Seeing Clearly: An Ode to Glasses

I had my eyes tested for the first time in the fourth grade. After telling my parents that I had difficulty seeing the board from far away at school, the local LensCrafters presented itself as the solution to my problem. I walked into the store with assumed 20/20 vision and exited with a pair of small pink-and-black-rimmed frames. I was officially a girl with glasses. 

At first, I was ecstatic to be a part of the elite group of the visually inferior; having glasses made me feel like I was a component of something much bigger than myself. Yes, I wasn’t a full-time wearer like some of my other peers, but at least I had glasses. I finally owned something that would distinguish myself from everyone else—I was cool, in my mind. 

It wasn’t until the sixth grade, when I began wearing my glasses full time, that I realized glasses—and particularly women with glasses—weren’t portrayed to be as cool as I thought they were. I had begun to notice everyone who wore glasses around me. I compared the way I looked to the way prominent members of the media looked.  Around me, all the pretty girls had perfect vision. In front of me, all the celebrities I followed seldom sported spectacles. On TV or in the movies, only the nerds wore glasses, and they were ridiculed for it. Where did I get the impression that I was cool or pretty with my imperfect vision? It was a delusion of childhood to think such a foolish thing, and I continued to analyze the display of glasses, and women who wore them, in the world around me. 

One of the most common tropes I picked up on was that women were prettier without glasses. Whenever there was a makeover scene in a movie, the “ugly” girl almost always wore frames. Her awkward lanky limbs and crooked teeth would complement the acne and spectacles skewed onto her face, all temporary obstacles standing in the way of her beauty that was really there all along! It's the nerd girl trope that appears every now and again but sticks with us far beyond the time it takes to transform her in the movie. Mia Thermopolis, of course, is a memorable example of the magic of contacts and a hair straightener. Her dramatic transformation from a frizzy-haired, bespectacled girl to a literal princess is something that has stayed with me far longer than the specifics of the movie ever did. Every time I look in a mirror, I think to myself, Could I really be that much prettier if I ditched the specs and de-frizzed my hair? The answer, of course, is no—The Princess Diaries is in no way a model on which to base our reality, but the message it sends about beauty is something I just can’t shake. 

It’s more than the makeovers, though. It’s the subtle stereotypes and expectations that girls, and people in general, with glasses, are insanely smart nerds who can solve any fix they’re put into. Growing up, the only character with glasses that I could remember influencing me was Velma Dinkley, of the Scooby-Doo franchise. I didn’t want to be her—I found myself aspiring to be more like Daphne, a beautiful, non-glasses wearing girl—but I was drawn to her anyway. She had a particular habit of losing her glasses whenever the action reached its height, and still, she’d have the answers and insight on how to solve every mystery the gang encountered. The thing that made me the most nervous, however, was how capable she was. Velma wore glasses. Velma was the smartest one of the group. Was that how I would be perceived? She almost seemed impossibly good at what she did, and I wasn’t sure I could ever reach that level, should I actively rank myself against the fictional character. As much as I wanted to be a popular damsel, I knew I fit better into the humble nerd role, simply because of one feature of my face. The expectation that arose from that stereotype may have had subconscious pull over my academic career, but I know from middle school on, I’ve been called smart and competent, so much so that I decided to campaign to be “proudest nerd,” my eighth grade year, because I was afraid that I wouldn’t get voted for any other superlative.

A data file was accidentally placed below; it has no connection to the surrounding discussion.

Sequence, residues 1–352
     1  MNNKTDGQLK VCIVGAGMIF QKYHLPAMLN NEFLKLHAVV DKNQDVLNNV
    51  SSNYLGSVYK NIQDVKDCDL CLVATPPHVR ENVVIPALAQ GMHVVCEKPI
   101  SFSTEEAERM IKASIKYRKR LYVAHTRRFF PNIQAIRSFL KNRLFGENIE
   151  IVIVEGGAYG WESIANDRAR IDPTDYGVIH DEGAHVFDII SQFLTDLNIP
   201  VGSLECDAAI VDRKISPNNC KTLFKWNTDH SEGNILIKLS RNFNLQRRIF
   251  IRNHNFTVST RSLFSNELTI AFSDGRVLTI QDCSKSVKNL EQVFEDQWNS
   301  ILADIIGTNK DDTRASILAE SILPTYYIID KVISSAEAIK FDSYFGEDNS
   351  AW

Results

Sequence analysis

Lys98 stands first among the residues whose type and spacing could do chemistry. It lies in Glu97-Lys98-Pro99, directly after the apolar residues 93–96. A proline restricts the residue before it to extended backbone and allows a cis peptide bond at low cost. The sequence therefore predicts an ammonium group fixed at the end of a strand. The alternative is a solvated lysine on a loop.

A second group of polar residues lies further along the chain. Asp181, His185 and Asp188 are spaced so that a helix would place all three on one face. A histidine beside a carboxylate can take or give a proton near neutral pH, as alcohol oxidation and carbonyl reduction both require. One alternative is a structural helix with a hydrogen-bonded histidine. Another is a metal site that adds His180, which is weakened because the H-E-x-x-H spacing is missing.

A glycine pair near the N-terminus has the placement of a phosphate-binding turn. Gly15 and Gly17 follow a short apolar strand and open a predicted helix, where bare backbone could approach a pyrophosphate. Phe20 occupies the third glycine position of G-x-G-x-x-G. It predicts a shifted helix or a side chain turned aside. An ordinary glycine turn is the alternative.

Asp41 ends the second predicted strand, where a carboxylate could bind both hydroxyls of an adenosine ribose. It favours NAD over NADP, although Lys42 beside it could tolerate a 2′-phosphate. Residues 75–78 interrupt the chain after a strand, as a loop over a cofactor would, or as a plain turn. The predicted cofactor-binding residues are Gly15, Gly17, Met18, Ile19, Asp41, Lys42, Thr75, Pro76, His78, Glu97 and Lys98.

The idea that you have to be something—ugly or nerdy or dorky, all because your vision is less than perfect—has weighed heavy on me throughout my adolescence. I’ve wished for ages that I could see someone on screen who wore glasses, not because wearing them made them ugly or sexy or nerdy, but because they genuinely needed them to see their world. The plot device of glasses and their ability to degrade looks or increase intelligence is tired and played out, and this glasses-wearing girl is dying to see someone on screen who does not feel pressured to be anything because of their vision situation. 

I still have doubts about my beauty. I don’t think that I’m as desirable as other girls because of the plastic constantly adorning my face. I’ll still Google things like “how to be pretty with glasses,” and “are glasses on girls pretty?” just to scope out online answer forums to get the same advice and results each time: accept yourself, love yourself, there’s always the sexy librarian fantasy. Each time I come out of a web search like that, I end up feeling like I shouldn’t have gone through the trouble of Googling those questions. The answers are always the same, and at the end, I’m still wearing my glasses. So, honestly, I wouldn’t trade my specs for the world. Yes, it’s hard to feel beautiful all the time, but it’s harder to go through life without seeing a thing. Maybe one day I’ll get contacts; maybe one day I’ll truly see glasses as something beautiful. Ultimately, though, my glasses are a part of me, and they do distinguish myself from everyone else. I may not always like them, but my glasses make up who I am, and I wouldn’t trade that for anything.

By Sophia Moore
Photo from Refinery29

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